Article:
Introduction to Yoga

For most people, yoga is a technique that helps improve body flexibility and helps cure physical and mental ailments. It has been proven to be true, and the belief has boosted the popularity of yoga, especially in the west. However, yoga is not just about the body and mind. As an aspiring yoga student, we would like you to have a better understanding of yoga so that you can derive maximum benefit from it.

Yoga has its origins in Hinduism. In Hinduism, life is described as a journey that takes us towards specific goals. The analogy used to describe this is that of a person travelling in a chariot drawn by five horses. The chariot is our body. It is just a vehicle that carries us. The five horses are our five senses. The set of reins that help control these five horses is our mind. The reins are in the hands of a charioteer, which is our intellect. The traveller in the chariot is our soul.

When things work as they should, the senses help take the vehicle along, controlled by the mind and guided by the intellect. However, life is not so simple; there are many distractions which occupy our mind, make us pause and do things that we should never be doing. When the mind overcomes the intellect, the result is stress, despair and a failure to reach the destination (achieve our goals). This is where yoga comes in.

Yoga helps us keep our senses and mind firmly under the control of our intellect. The result is peace, happiness and success. When you start learning yoga, keep this higher purpose in mind, and you will be motivated to stay with it and derive the maximum benefit from it.

 

History of Yoga

The word yoga has its origins in the Sanskrit word ‘yuj', which means to join, yoke or unite. Yoga unifies the mind, body and spirit and mentally unites us with our creator (God). Yoga originated in ancient India and consisted of physical, mental and spiritual practices. Although it is mentioned in the Rigveda, it is believed to have originated in the fifth and sixth century BCE with roots in ancient Indian Ascetic and Sramana movements. Yogic practices are described in various Hindu Upanishads, but the exact timeline is unclear.

The techniques of yoga were initially passed on orally from teachers to students with no written texts. Over 2200 years ago, Patanjali, a sage and scholar, wrote the first philosophical texts about yoga. They are called the Yoga Sutras. They gained popularity in the west in the 19th and 20th centuries after being introduced by teachers like Swami Vivekananda. After the 1980s, medical science started acknowledging the benefits of yoga, and it became hugely popular all over the world as a relaxation technique with numerous health benefits.

Patanjali has prescribed an eight-fold path or eight stages of yoga. They are Yama (morality), Niyama (self-discipline), Asanas (postures), Pranayama (breath control), Pratyahara (control of the senses), Dharana (concentration and inward awareness), Dhyana (meditation) and Samadhi (the highest state of consciousness).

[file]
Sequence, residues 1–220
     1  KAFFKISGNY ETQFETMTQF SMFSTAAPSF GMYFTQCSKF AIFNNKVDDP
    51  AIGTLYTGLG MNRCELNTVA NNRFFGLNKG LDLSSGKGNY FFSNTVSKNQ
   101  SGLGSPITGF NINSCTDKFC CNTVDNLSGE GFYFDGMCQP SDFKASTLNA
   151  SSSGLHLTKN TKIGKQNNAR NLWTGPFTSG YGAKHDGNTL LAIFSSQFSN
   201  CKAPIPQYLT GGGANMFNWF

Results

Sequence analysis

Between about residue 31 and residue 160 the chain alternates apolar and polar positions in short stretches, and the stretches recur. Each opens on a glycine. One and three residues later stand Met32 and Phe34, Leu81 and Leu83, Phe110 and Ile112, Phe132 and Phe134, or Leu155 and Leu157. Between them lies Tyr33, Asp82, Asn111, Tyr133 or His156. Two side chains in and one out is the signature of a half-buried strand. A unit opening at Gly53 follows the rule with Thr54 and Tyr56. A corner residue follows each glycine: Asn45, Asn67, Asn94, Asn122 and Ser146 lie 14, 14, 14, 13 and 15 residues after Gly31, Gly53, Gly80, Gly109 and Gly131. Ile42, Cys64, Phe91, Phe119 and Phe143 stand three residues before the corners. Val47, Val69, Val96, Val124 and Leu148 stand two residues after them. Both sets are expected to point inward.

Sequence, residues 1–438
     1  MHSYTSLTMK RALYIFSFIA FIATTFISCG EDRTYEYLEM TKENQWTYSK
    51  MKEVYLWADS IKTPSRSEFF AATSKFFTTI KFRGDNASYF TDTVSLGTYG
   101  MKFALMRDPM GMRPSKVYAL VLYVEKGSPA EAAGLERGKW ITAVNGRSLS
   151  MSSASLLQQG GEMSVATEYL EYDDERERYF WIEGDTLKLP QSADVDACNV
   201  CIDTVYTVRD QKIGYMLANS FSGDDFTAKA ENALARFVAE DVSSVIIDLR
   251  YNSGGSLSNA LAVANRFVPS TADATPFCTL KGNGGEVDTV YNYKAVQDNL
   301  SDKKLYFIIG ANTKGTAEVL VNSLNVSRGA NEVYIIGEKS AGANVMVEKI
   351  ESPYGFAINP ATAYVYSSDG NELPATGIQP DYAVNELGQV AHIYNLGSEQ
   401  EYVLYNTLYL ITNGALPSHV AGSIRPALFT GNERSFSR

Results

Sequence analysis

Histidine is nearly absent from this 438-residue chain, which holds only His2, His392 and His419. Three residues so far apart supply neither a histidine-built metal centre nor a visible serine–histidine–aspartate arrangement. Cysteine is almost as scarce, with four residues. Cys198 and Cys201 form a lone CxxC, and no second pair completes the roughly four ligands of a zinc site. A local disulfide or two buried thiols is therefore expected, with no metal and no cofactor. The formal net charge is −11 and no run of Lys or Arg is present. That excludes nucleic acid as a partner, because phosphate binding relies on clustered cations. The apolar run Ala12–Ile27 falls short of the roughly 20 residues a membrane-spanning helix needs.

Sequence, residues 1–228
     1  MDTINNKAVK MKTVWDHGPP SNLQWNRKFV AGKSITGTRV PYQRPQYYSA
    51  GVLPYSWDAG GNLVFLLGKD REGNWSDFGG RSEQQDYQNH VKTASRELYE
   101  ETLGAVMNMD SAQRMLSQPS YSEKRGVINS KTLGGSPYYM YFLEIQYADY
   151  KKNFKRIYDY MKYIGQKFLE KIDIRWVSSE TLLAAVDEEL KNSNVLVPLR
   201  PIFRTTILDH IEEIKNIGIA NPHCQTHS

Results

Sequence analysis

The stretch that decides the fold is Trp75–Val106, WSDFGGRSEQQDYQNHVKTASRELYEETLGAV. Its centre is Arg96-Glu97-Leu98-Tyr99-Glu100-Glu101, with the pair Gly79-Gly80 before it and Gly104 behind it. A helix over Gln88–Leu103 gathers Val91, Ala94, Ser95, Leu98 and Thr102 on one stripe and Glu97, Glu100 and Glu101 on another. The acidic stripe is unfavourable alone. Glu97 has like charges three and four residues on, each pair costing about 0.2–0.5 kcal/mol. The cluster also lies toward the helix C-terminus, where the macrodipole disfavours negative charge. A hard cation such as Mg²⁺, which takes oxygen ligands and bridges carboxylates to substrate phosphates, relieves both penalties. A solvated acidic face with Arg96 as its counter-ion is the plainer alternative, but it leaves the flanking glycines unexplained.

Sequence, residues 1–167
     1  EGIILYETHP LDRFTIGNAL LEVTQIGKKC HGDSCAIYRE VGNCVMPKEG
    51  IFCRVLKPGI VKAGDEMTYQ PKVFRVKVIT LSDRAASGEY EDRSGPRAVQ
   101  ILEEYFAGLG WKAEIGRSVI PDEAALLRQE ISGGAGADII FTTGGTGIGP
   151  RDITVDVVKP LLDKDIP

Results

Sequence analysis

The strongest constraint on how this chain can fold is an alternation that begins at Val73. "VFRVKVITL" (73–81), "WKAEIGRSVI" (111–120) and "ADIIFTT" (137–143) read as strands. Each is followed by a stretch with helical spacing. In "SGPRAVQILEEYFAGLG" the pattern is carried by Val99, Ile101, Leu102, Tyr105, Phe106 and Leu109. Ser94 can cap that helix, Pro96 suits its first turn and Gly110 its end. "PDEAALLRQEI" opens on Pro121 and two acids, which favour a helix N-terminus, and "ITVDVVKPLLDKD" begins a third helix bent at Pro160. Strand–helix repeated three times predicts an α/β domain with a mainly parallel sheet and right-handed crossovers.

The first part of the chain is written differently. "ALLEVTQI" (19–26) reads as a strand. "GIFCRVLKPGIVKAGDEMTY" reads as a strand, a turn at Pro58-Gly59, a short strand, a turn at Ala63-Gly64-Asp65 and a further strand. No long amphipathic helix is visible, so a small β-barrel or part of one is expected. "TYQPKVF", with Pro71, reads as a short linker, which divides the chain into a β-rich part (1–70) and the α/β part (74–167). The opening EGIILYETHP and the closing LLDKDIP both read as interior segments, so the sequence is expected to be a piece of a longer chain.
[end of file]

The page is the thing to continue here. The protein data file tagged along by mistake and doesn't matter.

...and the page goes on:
Benefits of Yoga

With regular practice of asanas and pranayama, you can expect:

  • Increased body and spine flexibility.

  • ​Improved muscle tone and strength.

  • ​More energy and vitality.

  • ​Better respiration, stamina and athletic performance.

  • ​Balanced metabolism.

  • ​Help in getting rid of excess weight.

  • ​Improved circulation and heart health.

  • ​Some amount of protection from injury.

  • ​Better internal organ function (cleanses internal organs).

  • ​Reduction in stress and anxiety. Relief from the associated psychosomatic problems.

  • ​Better sleep.

  • ​Help in overcoming addictions.

  • ​Better concentration.

If you have any medical conditions, it’s important to consult your doctor before joining the classes. You must also inform your teacher so that any necessary adjustments can be made to the exercises.

 

If you have any questions or queries, do not hesitate to contact us.​

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  • 1 Hour per week

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For most people, yoga is a technique that helps improve body flexibility and helps cure physical and mental ailments. It has been proven to be true, and the belief has boosted the popularity of yoga, especially in the west. However, yoga is not just about the body and mind. As an aspiring yoga student, we would like you to have a better understanding of yoga so that you can derive maximum benefit from it.

Yoga has its origins in Hinduism. In Hinduism, life is described as a journey that takes us towards specific goals. The analogy used to describe this is that of a person travelling in a chariot drawn by five horses. The chariot is our body. It is just a vehicle that carries us. The five horses are our five senses. The set of reins that help control these five horses is our mind. The reins are in the hands of a charioteer, which is our intellect. The traveller in the chariot is our soul.

When things work as they should, the senses help take the vehicle along, controlled by the mind and guided by the intellect. However, life is not so simple; there are many distractions which occupy our mind, make us pause and do things that we should never be doing. When the mind overcomes the intellect, the result is stress, despair and a failure to reach the destination (achieve our goals). This is where yoga comes in.

 

If you have any questions or queries, do not hesitate to contact us.​

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